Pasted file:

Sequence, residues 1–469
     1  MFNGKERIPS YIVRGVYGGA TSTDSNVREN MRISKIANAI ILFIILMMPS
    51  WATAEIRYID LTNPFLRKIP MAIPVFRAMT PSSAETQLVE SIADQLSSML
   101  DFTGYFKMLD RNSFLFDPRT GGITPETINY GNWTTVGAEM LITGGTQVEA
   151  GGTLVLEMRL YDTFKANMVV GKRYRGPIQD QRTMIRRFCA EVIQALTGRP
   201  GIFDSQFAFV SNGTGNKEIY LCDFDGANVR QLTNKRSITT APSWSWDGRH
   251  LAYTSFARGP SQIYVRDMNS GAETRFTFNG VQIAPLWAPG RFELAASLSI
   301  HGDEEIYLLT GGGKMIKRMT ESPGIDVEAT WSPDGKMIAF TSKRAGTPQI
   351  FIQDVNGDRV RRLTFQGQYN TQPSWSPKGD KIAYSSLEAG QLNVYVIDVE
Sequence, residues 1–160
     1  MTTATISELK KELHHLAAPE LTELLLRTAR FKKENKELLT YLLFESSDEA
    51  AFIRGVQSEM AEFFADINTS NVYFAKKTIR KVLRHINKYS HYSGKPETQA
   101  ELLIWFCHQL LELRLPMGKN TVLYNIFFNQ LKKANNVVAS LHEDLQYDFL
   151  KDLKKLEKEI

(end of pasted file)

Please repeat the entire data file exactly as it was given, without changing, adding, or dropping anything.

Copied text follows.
Sequence, residues 1–469
     1  MFNGKERIPS YIVRGVYGGA TSTDSNVREN MRISKIANAI ILFIILMMPS
    51  WATAEIRYID LTNPFLRKIP MAIPVFRAMT PSSAETQLVE SIADQLSSML
   101  DFTGYFKMLD RNSFLFDPRT GGITPETINY GNWTTVGAEM LITGGTQVEA
   151  GGTLVLEMRL YDTFKANMVV GKRYRGPIQD QRTMIRRFCA EVIQALTGRP
   201  GIFDSQFAFV SNGTGNKEIY LCDFDGANVR QLTNKRSITT APSWSWDGRH
   251  LAYTSFARGP SQIYVRDMNS GAETRFTFNG VQIAPLWAPG RFELAASLSI
   301  HGDEEIYLLT GGGKMIKRMT ESPGIDVEAT WSPDGKMIAF TSKRAGTPQI
   351  FIQDVNGDRV RRLTFQGQYN TQPSWSPKGD KIAYSSLEAG QLNVYVIDVE
Sequence, residues 1–160
     1  MTTATISELK KELHHLAAPE LTELLLRTAR FKKENKELLT YLLFESSDEA
    51  AFIRGVQSEM AEFFADINTS NVYFAKKTIR KVLRHINKYS HYSGKPETQA
   101  ELLIWFCHQL LELRLPMGKN TVLYNIFFNQ LKKANNVVAS LHEDLQYDFL
   151  KDLKKLEKEI